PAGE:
TUESDAY, Sept. 4 (HealthDay News) -- Exposure to combat stress can have subtle, long-lasting effects on brain wiring, although most war-related brain changes clear up with time, a small Dutch study found.
Researchers evaluating 33 healthy soldiers just back from deployment in Afghanistan found that problems with concentration during complex thinking tasks were common early on, but eventually improved.
But, subtle changes involving brain circuitry appeared longer-lasting.
"Almost a quarter of soldiers coming back from Iraq and Afghanistan experience some difficulty in social and operational functioning," said lead researcher Guido van Wingen, from the Brain Imaging Center at the University of Amsterdam.
"What we wanted to know is how that could be related to brain function," he said.
For the study, published online Sept. 3 in Proceedings of the National Academy of Sciences, van Wingen's team looked at members of the NATO International Security Assistance Force peacekeeping operation, before and six weeks after a four-month deployment in Afghanistan.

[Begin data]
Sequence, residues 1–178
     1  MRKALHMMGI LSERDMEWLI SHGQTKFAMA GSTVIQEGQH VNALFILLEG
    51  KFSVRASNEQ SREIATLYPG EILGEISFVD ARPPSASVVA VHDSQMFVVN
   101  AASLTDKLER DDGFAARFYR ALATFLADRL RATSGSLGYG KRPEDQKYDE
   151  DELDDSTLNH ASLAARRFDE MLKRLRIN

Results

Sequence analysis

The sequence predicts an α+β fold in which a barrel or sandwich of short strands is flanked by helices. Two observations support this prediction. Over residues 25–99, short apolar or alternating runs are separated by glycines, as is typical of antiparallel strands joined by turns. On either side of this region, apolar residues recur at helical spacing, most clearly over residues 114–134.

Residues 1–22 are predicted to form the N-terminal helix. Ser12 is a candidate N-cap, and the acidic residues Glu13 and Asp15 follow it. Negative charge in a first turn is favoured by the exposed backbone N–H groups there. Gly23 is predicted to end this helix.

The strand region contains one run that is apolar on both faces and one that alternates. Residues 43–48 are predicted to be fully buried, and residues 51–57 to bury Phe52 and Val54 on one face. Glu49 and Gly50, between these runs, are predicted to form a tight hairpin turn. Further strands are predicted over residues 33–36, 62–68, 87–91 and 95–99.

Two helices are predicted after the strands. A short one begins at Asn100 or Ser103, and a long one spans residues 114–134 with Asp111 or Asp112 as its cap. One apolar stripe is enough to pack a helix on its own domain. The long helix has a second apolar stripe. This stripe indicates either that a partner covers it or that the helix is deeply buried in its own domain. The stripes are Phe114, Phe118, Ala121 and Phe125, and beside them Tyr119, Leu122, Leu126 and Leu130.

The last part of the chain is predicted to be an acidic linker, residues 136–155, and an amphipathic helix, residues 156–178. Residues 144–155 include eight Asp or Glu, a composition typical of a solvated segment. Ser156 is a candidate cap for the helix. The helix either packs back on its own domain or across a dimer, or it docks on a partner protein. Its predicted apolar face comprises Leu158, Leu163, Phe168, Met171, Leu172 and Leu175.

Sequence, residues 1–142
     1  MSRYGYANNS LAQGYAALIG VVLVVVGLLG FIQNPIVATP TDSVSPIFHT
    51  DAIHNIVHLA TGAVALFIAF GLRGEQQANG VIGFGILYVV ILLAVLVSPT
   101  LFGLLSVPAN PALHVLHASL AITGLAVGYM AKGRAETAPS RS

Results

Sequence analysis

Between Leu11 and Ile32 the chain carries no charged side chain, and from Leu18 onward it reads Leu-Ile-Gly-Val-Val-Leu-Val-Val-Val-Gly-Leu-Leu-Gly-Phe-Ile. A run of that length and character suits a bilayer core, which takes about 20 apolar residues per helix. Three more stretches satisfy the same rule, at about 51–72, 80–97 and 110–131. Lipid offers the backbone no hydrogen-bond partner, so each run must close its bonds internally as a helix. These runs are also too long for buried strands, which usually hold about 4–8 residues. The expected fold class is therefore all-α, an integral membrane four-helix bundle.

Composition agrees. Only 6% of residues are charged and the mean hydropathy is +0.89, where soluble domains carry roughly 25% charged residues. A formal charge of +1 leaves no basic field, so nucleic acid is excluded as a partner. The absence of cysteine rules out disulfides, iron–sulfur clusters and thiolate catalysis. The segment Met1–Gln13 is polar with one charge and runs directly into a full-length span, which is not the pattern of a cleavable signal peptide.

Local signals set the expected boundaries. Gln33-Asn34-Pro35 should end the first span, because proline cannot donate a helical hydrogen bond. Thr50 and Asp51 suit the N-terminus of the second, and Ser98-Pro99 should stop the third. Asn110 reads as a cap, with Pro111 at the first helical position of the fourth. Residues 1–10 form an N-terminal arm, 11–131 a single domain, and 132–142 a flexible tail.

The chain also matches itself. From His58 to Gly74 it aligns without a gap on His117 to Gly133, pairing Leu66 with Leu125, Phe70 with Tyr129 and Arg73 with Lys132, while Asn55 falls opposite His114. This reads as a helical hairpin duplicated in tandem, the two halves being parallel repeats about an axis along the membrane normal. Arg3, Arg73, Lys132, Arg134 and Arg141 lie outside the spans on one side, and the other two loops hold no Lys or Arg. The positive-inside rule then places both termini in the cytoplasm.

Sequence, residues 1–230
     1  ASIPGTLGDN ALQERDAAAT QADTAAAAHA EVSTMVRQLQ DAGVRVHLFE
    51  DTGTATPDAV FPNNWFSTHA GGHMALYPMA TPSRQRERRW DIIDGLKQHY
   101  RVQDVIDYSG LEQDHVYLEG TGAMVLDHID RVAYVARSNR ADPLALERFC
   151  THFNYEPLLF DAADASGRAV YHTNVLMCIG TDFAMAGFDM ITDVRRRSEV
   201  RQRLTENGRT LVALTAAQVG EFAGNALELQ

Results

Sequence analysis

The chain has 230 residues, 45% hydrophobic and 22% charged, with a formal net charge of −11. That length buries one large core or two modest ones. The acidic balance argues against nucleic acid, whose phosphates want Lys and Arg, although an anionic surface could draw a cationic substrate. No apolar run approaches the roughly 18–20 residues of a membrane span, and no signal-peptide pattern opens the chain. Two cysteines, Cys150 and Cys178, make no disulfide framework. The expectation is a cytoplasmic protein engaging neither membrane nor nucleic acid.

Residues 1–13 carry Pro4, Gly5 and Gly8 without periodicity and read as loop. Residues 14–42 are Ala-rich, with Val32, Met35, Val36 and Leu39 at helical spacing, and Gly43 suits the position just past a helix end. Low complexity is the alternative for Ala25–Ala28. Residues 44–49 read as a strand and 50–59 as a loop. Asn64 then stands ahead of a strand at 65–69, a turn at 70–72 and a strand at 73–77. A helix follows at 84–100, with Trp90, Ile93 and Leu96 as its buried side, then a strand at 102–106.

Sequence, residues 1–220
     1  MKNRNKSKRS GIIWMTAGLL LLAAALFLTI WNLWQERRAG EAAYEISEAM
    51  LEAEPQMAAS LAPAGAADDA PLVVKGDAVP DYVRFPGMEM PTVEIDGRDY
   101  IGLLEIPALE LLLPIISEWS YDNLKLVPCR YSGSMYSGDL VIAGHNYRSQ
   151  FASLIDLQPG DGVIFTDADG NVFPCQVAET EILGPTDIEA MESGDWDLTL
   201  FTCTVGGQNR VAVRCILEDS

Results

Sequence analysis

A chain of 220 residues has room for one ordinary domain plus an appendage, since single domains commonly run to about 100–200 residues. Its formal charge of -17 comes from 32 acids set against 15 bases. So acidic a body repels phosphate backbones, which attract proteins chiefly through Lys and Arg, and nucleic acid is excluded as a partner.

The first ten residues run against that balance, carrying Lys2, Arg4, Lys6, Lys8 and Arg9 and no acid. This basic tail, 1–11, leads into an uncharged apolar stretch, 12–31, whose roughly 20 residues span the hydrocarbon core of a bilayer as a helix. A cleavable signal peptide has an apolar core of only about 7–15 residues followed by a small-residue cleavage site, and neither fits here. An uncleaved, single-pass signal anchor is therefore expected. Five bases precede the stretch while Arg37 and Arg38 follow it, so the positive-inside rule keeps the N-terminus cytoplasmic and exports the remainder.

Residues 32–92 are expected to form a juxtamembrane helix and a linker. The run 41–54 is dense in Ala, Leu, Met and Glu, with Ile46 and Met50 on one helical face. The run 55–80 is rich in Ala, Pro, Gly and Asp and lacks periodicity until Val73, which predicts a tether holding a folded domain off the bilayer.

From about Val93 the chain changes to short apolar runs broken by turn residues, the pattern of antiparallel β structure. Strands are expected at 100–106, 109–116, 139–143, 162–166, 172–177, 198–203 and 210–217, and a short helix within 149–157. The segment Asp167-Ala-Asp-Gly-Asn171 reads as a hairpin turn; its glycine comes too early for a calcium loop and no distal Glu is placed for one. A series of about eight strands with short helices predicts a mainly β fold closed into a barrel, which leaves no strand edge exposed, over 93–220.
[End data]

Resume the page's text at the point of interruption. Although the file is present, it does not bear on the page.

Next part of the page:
The investigators compared these soldiers with 26 soldiers who were never deployed. A year and a half later, they followed up.
Using neuropsychological tests and functional MRI, the researchers did identify changes in brain function, specifically in the midbrain, van Wingen said.
The prolonged stress of armed combat, enemy fire and explosions initially interfered with the ability to concentrate during complicated tasks, but after 18 months the ability to sustain attention returned, the study found.
"The brain rapidly adapted to the situation in Afghanistan, but changes back when it returns to a safe environment," van Wingen said. "This shows how plastic the brain is and that's reassuring to know."
However, changes to the connections between the midbrain and the prefrontal co
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